FEITO: Yeah. It's so funny you say that because it would be - I'd love a Mr. March sort of remake of it and see what problems he faces in the surrounding - you know, and the pressures that men face, I guess, in the privileged world sphere. But, yeah, absolutely I can recognize, you know, a lot of her insecurities and traits in women that surround me and in myself as well. They're very feminine - aren't they? - to do with their weight and their bodies and their...

CHANG: Right, and the whole reliance on a man for stature and belonging. I'm just wondering, now that we're in a post-#MeToo world, how do you want readers to take in a character like Mrs. March today, a woman like Mrs. March?

FEITO: That's interesting you say that because I did have the #MeToo thing in mind when I was writing it because there were a lot of books that were being written - I don't know quite how to say this without - no spoilers, I guess. But, you know, there's a lot of literature that was being written that had this trope about the woman who is kind of going crazy. And, you know, it is revealed more often than not, in the end, there's a man behind it, and she is innocent. And I kind of - I knew I wanted to set out to write a book that was a little bit different, that will maybe set those tropes a little bit on their head. I didn't want to have the female character driven crazy necessarily by a man. I thought, you know, we don't need men to gaslight us. We can gaslight ourselves.

CHANG: But when we are talking about the archetype that Mrs. March represents, I mean, is that a woman in control or totally out of control? What kind of power do you think she does have?

FEITO: Definitely she has been a victim of her upbringing and, you know, very cold, distant relationships throughout her life that haven't taught her how to establish any true connections. I mean, they say that scientifically, very young children and babies don't actually form physical connections in their brain when their relationships aren't warm enough throughout their childhoods. So there is that for sure. But also, you know, I think Mrs. March has come to a point where she kind of could be taking control of her own life a little bit or her own decisions and could kind of say, [expletive] this. You know, I'm going to therapy. I'm going to save myself.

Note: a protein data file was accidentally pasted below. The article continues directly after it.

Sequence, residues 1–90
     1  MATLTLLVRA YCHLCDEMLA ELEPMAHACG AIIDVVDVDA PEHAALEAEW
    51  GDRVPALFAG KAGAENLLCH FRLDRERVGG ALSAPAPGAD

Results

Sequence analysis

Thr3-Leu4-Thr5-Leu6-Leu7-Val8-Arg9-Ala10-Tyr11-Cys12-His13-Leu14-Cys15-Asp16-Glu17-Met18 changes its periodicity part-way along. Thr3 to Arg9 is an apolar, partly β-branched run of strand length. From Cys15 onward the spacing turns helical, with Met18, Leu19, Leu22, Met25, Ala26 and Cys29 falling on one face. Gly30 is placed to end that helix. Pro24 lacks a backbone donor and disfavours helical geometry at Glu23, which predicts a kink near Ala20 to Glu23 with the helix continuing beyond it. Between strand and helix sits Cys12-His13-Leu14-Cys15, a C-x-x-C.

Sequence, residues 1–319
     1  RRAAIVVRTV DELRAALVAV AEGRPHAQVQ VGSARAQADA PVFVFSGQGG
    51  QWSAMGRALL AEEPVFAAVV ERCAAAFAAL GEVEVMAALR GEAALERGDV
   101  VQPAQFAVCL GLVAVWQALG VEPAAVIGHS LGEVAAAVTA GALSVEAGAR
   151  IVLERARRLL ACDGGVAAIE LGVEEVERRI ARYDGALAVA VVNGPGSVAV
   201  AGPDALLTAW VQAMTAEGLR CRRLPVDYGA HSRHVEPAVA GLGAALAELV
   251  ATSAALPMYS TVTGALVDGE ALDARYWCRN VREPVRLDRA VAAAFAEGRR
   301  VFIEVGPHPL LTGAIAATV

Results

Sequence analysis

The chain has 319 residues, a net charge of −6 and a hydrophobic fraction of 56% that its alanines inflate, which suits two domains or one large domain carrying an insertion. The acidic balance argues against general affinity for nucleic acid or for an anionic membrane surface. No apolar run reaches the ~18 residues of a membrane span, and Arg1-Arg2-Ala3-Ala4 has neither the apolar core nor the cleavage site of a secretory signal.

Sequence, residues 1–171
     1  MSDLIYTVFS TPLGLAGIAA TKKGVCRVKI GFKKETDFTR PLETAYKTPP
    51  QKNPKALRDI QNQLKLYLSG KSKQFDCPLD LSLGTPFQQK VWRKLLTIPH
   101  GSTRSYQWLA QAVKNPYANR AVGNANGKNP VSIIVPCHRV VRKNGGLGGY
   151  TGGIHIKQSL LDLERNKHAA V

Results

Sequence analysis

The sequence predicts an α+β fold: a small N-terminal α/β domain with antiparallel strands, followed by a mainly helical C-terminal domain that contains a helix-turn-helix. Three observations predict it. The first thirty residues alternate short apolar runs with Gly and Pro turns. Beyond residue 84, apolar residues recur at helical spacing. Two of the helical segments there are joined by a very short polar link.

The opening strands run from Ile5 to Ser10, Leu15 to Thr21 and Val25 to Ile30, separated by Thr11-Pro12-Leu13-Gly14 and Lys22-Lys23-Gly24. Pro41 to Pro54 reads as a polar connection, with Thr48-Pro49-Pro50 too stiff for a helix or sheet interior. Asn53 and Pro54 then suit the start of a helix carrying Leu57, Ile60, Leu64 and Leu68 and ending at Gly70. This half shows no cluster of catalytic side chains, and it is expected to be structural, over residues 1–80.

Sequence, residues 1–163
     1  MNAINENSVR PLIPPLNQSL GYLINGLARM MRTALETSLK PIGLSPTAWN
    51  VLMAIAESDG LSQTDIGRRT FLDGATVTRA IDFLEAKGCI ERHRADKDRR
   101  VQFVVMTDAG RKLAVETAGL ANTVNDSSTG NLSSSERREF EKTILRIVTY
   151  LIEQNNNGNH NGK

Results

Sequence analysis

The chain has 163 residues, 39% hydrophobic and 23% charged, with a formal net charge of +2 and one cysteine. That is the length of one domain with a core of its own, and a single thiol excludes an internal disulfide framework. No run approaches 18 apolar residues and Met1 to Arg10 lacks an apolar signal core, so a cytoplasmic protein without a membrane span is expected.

And actually, there's a reason that I put Mrs. March in front of a mirror constantly throughout the novel repetitively because I'm kind of - I'm trying to get her to look at herself and to kind of see that she can save herself. And she repeatedly walks away from the mirror, or she stops looking at herself, or she avoids her reflection altogether. So I think there's definitely a mix. She's not just a victim here. You know, she's also kind of played into this victimhood, and she's refusing to crawl out of it, basically.

CHANG: Yeah. Well, you don't give Mrs. March a first name until the very last sentence of this book. Why was that?

FEITO: Mrs. March is defined throughout her life by, well, first her father when she's a young child and then her husband. And, of course, she's named Mrs. March throughout the entire book, even in flashbacks to her - to scenes from her childhood. And it's only when her very real, very core identity finally comes out, the real Mrs. March - that's when we finally learn her name because that's her. That's the one we haven't seen throughout the whole book. And unfortunately, she just comes out at the very, very end. So I guess maybe I should write a sequel now (laughter) as - like, to show the how her personality finally only then comes out.

CHANG: Only then emerges - it was such a delicious read. Virginia Feito's new book is called "Mrs. March."

Thank you so much for being with us today.

FEITO: Thank you so much for having me. I'm so excited. Thank you.

(SOUNDBITE OF LITTLE DRAGON SONG, "FEATHER") Transcript provided by NPR, Copyright NPR.

Ailsa Chang is an award-winning journalist who hosts All Things Considered along with Ari Shapiro, Audie Cornish, and Mary Louise Kelly. She landed in public radio after practicing law for a few years.
Mano Sundaresan is a producer at NPR.
Courtney Dorning has been a Senior Editor for NPR's All Things Considered since November 2018. In that role, she's the lead editor for the daily show. Dorning is responsible for newsmaker interviews, lead news segments and the small, quirky features that are a hallmark of the network's flagship afternoon magazine program.